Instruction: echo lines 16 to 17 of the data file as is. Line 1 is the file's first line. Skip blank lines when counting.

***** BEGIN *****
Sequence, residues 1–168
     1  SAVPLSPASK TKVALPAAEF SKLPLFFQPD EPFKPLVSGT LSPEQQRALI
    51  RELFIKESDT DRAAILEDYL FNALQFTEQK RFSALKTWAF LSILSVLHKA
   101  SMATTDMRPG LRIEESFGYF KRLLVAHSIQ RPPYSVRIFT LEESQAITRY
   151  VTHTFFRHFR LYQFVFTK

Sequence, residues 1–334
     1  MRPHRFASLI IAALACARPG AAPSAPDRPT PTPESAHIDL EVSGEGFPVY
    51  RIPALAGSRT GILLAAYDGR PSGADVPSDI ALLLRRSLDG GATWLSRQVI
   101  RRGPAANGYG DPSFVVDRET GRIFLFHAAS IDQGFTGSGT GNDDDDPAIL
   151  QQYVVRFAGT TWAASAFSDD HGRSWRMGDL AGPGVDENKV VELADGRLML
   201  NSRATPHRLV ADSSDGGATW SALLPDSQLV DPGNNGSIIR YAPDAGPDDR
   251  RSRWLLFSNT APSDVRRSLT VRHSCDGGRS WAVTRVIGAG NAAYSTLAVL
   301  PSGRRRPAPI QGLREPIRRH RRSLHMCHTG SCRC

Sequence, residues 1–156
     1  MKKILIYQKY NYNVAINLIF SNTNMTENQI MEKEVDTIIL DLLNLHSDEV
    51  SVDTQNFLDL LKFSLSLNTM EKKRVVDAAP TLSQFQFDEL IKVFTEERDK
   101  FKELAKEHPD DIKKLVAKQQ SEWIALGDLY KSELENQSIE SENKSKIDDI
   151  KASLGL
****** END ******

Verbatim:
    51  SVDTQNFLDL LKFSLSLNTM EKKRVVDAAP TLSQFQFDEL IKVFTEERDK
   101  FKELAKEHPD DIKKLVAKQQ SEWIALGDLY KSELENQSIE SENKSKIDDI